” In this quote, William Lutz describes a form of language that is widely used in advertising. (Goshgarian 313) The use of doublespeak helps advertisers make their product seem as if it is a miracle product. In doublespeak advertisers, don’t use definite words. This makes the product have no definite levels of how good the product works. The only thing these words express is that the product has exponential or never-ending possibilities. In this way advertisers are able to show, legally, that their product has absolutely no flaws. Most advertisers try to make their product seem better then any other product that is on the market. With the use
of doublespeak they may use lines like, “this product takes out virtually all stains”. (Goshgarian 303-304) However, what does virtually really mean? If the product can not get out all stains, what stains can’t it get out? If advertisers told people this in their TV commercials, and magazine advertisements, people would not want to buy the product. That is why they throw in words like practically, virtually, and almost, so that they are not telling the whole truth, yet they are not lying either. Lutz talks about other “weasel words” used in doublespeak in advertising. Words like “new and improved”, “acts fast” and “like magic” help advertisers in making their product seem better then others. (Goshgarian 304-306) When an item is new and improved, what is it improved from? What was wrong with the old version of this item? Also, if there was something wrong with the old item, what is to say that there will not be anything wrong with the new item? Still consumers travel down the aisle of different stores and see “new and improved” and they figure it’s has to be the best of them all. Let’s examine “acts fast”. When an advertiser describes the product with the phrase “acts fast” they try to show that the item will work faster then other products. However, what exactly does that mean? Does the product run fast, cook fast, drive a car fast, or speak fast? It is not known exactly what the product does. People assume that the product that “acts faster” is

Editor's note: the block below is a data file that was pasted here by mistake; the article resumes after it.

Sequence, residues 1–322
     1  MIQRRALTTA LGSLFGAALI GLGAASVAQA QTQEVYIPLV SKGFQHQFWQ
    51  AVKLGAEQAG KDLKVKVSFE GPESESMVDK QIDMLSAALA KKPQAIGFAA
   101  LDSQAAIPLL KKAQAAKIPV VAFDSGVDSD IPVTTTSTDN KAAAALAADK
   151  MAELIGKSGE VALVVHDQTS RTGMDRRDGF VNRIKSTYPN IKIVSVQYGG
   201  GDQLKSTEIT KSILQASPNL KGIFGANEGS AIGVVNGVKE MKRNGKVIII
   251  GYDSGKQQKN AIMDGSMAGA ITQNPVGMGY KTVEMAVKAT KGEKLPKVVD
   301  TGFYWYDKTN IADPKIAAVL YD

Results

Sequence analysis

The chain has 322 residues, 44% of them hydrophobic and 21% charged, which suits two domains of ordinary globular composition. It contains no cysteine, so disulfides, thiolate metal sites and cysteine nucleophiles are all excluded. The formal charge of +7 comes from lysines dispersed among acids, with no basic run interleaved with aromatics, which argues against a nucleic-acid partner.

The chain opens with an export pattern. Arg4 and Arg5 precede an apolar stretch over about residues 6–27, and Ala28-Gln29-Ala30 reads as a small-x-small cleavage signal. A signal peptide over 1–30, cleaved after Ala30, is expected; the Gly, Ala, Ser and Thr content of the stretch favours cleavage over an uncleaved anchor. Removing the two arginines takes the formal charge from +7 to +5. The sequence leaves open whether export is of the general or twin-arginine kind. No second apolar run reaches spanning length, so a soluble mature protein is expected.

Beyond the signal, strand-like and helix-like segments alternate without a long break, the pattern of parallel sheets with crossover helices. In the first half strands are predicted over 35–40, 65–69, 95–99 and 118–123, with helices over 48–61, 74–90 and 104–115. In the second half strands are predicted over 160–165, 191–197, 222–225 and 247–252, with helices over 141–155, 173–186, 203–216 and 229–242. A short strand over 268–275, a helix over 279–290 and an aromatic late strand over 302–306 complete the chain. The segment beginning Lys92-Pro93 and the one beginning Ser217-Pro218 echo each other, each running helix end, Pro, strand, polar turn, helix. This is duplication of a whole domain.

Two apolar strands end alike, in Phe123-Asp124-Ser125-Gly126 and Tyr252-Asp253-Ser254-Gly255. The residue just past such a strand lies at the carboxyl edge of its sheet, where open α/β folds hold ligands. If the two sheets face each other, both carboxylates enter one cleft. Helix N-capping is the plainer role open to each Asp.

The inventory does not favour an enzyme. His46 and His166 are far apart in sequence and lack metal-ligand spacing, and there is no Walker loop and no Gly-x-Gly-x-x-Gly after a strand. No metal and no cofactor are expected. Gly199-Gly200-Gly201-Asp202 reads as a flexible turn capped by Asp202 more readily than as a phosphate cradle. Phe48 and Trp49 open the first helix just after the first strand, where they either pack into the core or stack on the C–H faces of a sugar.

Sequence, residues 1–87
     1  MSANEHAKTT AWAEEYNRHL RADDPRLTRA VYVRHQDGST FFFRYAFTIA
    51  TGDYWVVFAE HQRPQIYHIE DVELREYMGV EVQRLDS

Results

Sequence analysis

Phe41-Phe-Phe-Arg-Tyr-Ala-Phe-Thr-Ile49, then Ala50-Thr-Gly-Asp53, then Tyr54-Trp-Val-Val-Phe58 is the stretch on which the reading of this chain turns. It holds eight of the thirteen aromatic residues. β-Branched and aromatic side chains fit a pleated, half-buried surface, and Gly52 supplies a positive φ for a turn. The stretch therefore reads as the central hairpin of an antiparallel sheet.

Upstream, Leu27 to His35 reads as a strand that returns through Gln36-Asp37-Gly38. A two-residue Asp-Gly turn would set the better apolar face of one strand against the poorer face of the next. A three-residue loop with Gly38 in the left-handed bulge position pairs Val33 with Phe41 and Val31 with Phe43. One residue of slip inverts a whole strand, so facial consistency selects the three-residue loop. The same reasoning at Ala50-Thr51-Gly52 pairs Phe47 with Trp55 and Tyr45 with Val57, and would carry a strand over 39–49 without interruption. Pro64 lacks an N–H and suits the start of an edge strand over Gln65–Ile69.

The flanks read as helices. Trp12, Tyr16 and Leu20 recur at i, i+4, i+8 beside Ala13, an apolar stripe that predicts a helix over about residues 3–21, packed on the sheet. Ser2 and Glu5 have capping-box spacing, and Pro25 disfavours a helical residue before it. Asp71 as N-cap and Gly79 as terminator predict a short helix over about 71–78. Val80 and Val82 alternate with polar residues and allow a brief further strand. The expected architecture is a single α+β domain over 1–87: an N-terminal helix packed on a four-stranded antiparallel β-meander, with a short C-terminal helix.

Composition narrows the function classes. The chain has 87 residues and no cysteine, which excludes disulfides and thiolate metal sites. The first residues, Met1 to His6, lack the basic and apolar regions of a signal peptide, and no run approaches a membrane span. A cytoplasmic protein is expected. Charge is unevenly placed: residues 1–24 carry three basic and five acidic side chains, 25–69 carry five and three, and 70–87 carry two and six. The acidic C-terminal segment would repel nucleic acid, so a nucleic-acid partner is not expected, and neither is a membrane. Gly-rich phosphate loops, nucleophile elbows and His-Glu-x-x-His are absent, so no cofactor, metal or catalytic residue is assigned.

the best product for them. Sometimes advertisers use the word “like” in an advertisement. This stops the consumer from concentrating on the product, and exactly what it can make your life “like”. If an advertiser claims a certain tire makes your car drive like it is floating, people start thinking about their car floating. Personally, I would rather drive a car that floats, and so would most consumers. This makes the consumer want to buy this product, and once again the advertiser wins. Lutz makes a good point in saying that these doublespeak slogans help sell products. “Remember, the ad is trying to get you to buy a product, so it will put the product in the best possible light, using any device, trick or means legally allowed.” (Goshgarian 313) Another thing advertiser use in their commercials is the use of additives or accessories. In the advertisement of a product, an advertiser may say that the product has a high amount of a certain chemical that no one that uses the product actually has heard of before. If people hear things like “Certs contains a sparkling drop of Retsyn” (Goshgarian 311) Consumers hear this and say, “wow Certs is better then Tic Tacs because it has Retsyn!!” However, in reality, what on earth is Retsyn” For all anyone knows Retsyn is the leading cause of gum disease, who knows.